When the chicken is browned evenly put in oven to cook through and to keep warm.
Deglaze the pan with the Marsala wine.

In a separate skillet, heat the butter and 2 tablespoons of olive oil over medium heat.  Saute the garlic for 2 minutes, then add the mushrooms and parsley.  Cook until the mushrooms are soft.  Add the lemon juice, set aside.

Pour the wine and drippings into mushroom sauce.  Add the chicken and stir to coat.
Serve over noodles.

Fettuccine Alfredo

We finally found an alfredo sauce that has just the right balance of creaminess and garlic.  We served it with Chicken Marsala, which will be posted tomorrow.  And apologies again for the not-so-great picture.  Everything I take after the sun goes down looks like this, but we don't eat dinner at 4:30!

Fettucine Alfredo:
(for 1 # of pasta)
click here for printable version

3 tablespoons butter
1 cup heavy cream
3 cloves of garlic mashed with 1/2 teaspoon salt (in mortar and pestle)
pinch of nutmeg
3/4 teaspoon salt
1/2 teaspoon black pepper
1 tablespoon fresh parsley, minced
1/2 cup grated parmesan cheese

Boil water for pasta.
Put the butter, cream and garlic mixture in a large skillet and cook over medium high heat until it reduces by half, stirring frequently.  
Add the nutmeg, salt, pepper and parsely.  Remove from heat and set aside.
Cook pasta.  Toss the sauce with the pasta and cheese.

Homemade Pasta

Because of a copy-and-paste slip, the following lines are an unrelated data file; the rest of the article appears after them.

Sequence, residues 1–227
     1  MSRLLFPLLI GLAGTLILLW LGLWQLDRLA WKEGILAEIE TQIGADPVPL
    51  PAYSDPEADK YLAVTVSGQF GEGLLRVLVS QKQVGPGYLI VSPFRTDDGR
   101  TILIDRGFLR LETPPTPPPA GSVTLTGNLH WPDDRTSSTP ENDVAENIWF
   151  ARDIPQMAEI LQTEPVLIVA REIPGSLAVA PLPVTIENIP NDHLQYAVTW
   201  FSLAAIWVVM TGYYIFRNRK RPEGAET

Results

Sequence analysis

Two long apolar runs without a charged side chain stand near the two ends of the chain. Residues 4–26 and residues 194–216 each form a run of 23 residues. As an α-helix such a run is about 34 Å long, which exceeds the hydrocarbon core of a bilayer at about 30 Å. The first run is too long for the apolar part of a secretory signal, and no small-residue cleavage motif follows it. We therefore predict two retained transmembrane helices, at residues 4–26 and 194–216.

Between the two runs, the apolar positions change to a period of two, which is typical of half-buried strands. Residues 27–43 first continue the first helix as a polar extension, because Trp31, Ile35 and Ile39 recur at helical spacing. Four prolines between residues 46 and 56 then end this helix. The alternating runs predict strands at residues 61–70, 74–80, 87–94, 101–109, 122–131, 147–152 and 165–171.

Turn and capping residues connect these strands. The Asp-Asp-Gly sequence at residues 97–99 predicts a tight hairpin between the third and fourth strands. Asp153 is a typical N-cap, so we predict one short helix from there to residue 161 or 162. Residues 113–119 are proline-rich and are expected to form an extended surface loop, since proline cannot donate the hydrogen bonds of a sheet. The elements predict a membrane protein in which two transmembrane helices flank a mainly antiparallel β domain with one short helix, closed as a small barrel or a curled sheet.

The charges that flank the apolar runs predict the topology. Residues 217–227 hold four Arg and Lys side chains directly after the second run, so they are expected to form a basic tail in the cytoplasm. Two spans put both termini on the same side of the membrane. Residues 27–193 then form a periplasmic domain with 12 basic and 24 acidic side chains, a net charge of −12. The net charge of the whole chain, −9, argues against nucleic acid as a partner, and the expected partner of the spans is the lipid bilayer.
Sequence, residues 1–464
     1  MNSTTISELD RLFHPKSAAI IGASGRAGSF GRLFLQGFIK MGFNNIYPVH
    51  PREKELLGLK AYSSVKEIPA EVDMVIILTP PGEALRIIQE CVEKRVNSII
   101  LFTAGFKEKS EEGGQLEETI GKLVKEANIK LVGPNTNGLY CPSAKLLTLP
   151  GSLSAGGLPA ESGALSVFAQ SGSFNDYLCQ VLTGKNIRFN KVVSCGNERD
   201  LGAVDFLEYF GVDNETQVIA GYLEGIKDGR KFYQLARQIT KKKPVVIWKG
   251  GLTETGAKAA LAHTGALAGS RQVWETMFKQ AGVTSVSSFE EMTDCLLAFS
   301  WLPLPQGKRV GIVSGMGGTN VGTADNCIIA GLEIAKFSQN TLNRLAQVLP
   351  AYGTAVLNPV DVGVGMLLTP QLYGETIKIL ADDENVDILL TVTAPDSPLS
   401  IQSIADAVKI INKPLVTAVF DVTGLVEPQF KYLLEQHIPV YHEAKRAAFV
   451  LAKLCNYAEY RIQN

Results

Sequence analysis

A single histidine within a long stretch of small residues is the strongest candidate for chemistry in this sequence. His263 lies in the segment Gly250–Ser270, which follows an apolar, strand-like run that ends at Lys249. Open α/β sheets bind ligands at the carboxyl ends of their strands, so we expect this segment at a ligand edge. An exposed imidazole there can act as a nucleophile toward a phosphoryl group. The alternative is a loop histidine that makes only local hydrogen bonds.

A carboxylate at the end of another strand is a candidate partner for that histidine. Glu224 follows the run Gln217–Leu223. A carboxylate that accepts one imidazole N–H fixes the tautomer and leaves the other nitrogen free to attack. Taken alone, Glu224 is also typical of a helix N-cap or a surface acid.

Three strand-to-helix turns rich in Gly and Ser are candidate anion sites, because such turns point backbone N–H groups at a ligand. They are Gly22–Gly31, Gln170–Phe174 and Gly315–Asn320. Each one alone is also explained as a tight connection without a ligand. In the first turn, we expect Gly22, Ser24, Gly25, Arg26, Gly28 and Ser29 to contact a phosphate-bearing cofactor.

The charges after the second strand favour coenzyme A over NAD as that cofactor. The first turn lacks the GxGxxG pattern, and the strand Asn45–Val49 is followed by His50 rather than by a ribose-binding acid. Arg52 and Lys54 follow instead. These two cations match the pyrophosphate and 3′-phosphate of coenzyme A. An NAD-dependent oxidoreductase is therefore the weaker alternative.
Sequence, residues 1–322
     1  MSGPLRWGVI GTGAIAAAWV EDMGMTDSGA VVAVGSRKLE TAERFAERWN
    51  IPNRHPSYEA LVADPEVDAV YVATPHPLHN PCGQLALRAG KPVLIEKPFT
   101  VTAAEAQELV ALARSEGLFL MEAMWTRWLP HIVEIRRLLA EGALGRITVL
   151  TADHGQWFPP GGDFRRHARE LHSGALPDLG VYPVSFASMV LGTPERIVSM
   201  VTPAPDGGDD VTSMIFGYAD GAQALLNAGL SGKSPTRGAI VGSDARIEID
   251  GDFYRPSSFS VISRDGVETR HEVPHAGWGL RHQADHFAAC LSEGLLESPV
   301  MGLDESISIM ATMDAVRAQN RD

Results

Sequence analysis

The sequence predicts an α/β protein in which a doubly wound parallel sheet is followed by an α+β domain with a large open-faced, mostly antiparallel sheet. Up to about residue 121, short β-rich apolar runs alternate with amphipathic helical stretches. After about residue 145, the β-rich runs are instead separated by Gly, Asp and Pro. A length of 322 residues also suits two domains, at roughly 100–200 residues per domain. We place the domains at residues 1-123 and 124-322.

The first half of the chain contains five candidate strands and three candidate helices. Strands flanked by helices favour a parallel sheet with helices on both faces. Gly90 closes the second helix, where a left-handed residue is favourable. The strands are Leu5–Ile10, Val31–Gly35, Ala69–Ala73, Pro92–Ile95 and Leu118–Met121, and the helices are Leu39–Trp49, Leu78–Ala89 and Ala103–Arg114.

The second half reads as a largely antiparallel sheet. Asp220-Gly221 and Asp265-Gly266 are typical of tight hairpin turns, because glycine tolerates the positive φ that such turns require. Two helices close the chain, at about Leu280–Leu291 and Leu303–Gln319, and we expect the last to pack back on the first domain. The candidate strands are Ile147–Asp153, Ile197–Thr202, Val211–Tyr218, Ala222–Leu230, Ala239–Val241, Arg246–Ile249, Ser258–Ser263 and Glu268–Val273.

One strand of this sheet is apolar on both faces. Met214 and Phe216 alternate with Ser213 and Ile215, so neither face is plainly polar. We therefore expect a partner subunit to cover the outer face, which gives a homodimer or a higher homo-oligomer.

We discovered homemade pasta a couple of years ago, and were surprised by how easy it was to make and how much better it tasted!  Sure, on the weekdays I use box pasta, but whenever we have a little extra time we make our own.  This is a step-by-step tutorial on how to make your own pasta.  We learned the technique from The Classic Pasta Cookbook.  We bought a cheap pasta roller and cutter, but did also make it entirely by hand a few times.  Although hand-rolled pasta is the most "authentic", it is much more difficult for the novice to get consistently thin sheets of pasta. The machine-rolled pasta you make at home still beats the store-bough pasta by a mile!

A few additional tips from Thomas (our chief pasta maker):

- Many Italian cookbooks call for "00" (doppio zero) flour in their fresh pasta recipes. Marcella Hazan recommends basic All Purpose as an alternative in the US. We used King Arthur AP for this recipe and achieved great results. If you're going for more authenticity, King Arthur does make an Italian-style flour that is intended to be like Italian "00".
- The amount of flour you actually need depends on the humidity in your kitchen and the size of your eggs. I recommend starting with a little less than 2 cups and slowly adding in more until you get the right consistency and level of moisture in your pasta dough.
- It is very helpful to the overall texture and "workability' of your pasta dough if you let your eggs come close to room temperature before making pasta. So, I recommend that you take them out of the fridge and hour or two before you start to make your pasta.
- The narrowest cutters on your pasta machine produce a pasta known as tonnarelli. This is an excellent substitute for plain old boxed spaghetti. Tonnarelli and Meatballs is one of our favorite dishes!

Homemade Pasta:
click here for printable version

3 eggs (take them out about an hour before you start)
2 to 2 1/4 cups flour

Pour the flour into a hill on the counter and make a well in the center.  Break the eggs into the center of the well.  Beat the eggs with a fork.

With the fork, gently add some flour into the well.  Do not break the wall or the eggs will seep out.

Quickly, use both hands and bring together the remaining flour and egg mixture.  Mix until all of the flour is incorporated.